Fact: In reality, having someone pull your credit won’t really affect your credit rating. The different types of credit inquiries are broken down in two general groups; hard inquires and soft inquiries. Hard inquiries occur when a bank, financial institution, lender or credit card accesses your credit report for the purpose of making a lending decision. Soft inquiries, on the other hand, are when a person or company checks your credit report. Usually these come from when an employer checks your credit, preapproved credit card offers, and when you pull your own report.
Soft pulls don’t hurt your score at all and hard pulls won’t lower it significantly if you don’t apply for loans irresponsibly and erratically. The credit bureaus know that you’ll get your credit pulled several times when shopping for a new loan so if you do them within a certain tight timeframe, like within 30 days, they’ll just count them as a single credit pull.
- Myth: It’s cheaper to rent a house than to buy.
Fact: Renting is now twice as expensive as owning a home! That’s the conclusion of a new study by the real estate website Zillow, which found that renters paid an average of 29.9% of their monthly income toward rent compared to an average of 15.3% for homeowners. In addition, more renters are paying at least 30% of their income toward housing. That’s a marked increase from only 18% of renters paying more than 30% of their income a decade ago. California is one of those states where at least half of all renters pay more than 30% of their income toward rent.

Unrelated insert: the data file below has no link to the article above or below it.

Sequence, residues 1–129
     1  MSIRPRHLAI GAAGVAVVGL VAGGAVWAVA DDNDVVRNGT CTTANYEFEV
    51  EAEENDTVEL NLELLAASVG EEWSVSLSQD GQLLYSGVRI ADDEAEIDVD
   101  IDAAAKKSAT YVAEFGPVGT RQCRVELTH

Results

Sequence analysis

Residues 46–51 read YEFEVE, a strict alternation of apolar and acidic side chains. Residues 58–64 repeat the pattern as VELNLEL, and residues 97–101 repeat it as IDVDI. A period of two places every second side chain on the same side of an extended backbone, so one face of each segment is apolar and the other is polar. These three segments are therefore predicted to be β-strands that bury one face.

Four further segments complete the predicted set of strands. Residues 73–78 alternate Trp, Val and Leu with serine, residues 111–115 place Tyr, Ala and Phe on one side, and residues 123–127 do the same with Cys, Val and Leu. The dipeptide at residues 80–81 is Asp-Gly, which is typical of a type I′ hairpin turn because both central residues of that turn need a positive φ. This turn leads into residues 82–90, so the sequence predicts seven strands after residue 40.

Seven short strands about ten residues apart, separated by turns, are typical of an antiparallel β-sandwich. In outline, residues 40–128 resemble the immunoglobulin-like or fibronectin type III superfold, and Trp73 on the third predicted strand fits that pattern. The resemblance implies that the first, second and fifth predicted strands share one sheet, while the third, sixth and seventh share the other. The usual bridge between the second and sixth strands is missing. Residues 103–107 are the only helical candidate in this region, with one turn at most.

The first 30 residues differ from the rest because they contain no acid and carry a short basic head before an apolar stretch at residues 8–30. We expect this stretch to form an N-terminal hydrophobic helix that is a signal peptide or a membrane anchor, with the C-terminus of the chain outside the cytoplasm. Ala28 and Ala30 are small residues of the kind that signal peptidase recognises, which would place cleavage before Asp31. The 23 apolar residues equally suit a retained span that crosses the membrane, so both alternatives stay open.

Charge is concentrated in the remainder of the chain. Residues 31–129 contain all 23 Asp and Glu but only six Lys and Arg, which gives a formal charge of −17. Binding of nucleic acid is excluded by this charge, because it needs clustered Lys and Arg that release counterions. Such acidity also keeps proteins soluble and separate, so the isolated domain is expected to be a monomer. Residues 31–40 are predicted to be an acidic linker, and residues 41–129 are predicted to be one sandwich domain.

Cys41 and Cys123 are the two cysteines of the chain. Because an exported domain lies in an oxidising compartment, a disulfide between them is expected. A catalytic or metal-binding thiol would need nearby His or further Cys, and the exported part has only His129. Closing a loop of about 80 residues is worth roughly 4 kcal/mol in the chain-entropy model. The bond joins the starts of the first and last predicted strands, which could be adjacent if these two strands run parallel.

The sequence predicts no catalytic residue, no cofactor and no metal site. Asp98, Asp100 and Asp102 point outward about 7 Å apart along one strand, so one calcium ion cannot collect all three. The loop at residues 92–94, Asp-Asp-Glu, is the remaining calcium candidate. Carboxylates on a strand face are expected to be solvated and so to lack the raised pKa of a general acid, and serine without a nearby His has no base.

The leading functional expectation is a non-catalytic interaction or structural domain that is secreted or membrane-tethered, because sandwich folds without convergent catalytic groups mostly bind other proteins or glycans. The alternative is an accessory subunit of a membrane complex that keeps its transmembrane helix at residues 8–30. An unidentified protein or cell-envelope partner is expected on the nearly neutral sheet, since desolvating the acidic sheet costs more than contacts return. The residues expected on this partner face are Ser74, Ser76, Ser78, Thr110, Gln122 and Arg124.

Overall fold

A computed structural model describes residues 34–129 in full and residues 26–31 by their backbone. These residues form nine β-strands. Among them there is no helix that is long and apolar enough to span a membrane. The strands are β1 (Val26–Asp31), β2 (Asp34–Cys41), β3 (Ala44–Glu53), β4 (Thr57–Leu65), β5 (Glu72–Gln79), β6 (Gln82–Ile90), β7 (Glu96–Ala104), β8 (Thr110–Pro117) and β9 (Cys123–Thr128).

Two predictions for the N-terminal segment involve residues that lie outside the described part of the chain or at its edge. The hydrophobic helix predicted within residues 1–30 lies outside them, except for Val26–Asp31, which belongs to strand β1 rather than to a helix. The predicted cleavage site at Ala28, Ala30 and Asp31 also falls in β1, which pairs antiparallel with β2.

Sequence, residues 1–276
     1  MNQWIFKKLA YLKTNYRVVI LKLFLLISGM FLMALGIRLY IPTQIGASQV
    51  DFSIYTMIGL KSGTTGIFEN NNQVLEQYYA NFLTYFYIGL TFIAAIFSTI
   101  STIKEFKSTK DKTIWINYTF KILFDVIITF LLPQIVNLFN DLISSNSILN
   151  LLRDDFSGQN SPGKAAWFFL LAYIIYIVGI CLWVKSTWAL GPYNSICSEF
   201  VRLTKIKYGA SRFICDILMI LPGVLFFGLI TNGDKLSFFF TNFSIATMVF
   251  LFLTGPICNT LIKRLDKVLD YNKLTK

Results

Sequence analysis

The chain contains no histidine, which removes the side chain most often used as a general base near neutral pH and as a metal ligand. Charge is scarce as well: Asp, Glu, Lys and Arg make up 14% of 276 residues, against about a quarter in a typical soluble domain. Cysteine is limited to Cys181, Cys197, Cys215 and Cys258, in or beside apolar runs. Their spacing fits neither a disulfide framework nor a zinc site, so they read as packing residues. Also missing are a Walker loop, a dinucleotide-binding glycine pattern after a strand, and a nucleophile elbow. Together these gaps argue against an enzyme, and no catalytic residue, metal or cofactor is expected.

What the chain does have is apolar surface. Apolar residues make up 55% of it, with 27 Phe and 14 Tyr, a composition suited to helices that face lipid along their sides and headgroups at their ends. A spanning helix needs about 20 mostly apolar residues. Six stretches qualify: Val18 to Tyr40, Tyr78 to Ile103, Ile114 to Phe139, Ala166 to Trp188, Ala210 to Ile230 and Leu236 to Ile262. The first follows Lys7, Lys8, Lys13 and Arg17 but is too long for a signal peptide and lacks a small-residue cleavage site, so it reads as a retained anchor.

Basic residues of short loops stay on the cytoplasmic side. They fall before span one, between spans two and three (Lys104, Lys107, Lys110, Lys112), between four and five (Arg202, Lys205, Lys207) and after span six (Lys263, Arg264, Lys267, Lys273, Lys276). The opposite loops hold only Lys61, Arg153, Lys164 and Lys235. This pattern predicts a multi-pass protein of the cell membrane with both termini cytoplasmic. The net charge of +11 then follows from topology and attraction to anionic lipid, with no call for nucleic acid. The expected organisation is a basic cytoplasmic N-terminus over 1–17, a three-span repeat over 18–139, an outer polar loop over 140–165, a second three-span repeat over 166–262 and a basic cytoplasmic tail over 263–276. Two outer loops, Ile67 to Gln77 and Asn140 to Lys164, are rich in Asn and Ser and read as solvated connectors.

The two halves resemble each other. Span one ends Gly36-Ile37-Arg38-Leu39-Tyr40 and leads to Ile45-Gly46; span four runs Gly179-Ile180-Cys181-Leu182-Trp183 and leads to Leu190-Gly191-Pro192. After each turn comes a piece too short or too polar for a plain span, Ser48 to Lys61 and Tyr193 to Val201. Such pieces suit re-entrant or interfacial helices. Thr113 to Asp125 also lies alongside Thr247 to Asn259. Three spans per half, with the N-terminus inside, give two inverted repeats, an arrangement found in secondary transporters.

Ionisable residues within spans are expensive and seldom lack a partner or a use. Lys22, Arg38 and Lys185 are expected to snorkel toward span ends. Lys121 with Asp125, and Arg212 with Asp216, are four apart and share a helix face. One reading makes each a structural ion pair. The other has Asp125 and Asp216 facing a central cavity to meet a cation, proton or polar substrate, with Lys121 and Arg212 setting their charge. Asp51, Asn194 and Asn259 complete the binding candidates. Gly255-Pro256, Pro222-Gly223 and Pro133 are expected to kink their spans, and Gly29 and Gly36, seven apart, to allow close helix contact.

Remember that everyone pays a mortgage every month and everyone buys a house – it´s just a matter if it´s yours or your landlord’s!
- Myth: My bank or an online lender will give me a better deal on my mortgage
Fact: Online lenders are notorious for advertising teaser rates just to hook consumers, but then baiting and switching them into a higher rate at the last moment, often jeopardizing the whole home purchase. They’re also known for charging exorbitant hidden fees AND taking way too long to close the loan. Many people walk into their bank to get a home loan, but remember that you are just another number to your bank and they represent their own interests – not yours – like a mortgage broker will. As mortgage brokers, we can choose from any of the banks and lenders with the best rates available, make sure we represent you in the lending process and always deliver what we promise so you get the best low-cost, low-rate loan possible.
- Myth: Owning a home is risky
Fact: Home ownership is one of the smartest and most stable investments you could ever make. Did you know that among millionaires and financially successful people, 95% attribute owning real estate to their wealth? What IS risky is buying a home and expecting to sell in a year or two for a big profit, or getting a short term or volatile adjustable loan on your property.
There are many benefits to home ownership (especially the tax breaks!) but the fundamental fact is that real estate always goes up in value if you hold onto it long enough. Of course there are market swings and fluctuations, real estate booms and then corrections, buy you don’t realize that loss unless you sell during that time – you can just wait for it to go back up in value. And over the history of real estate in the United States, there has never been a decade where houses haven’t appreciated in value.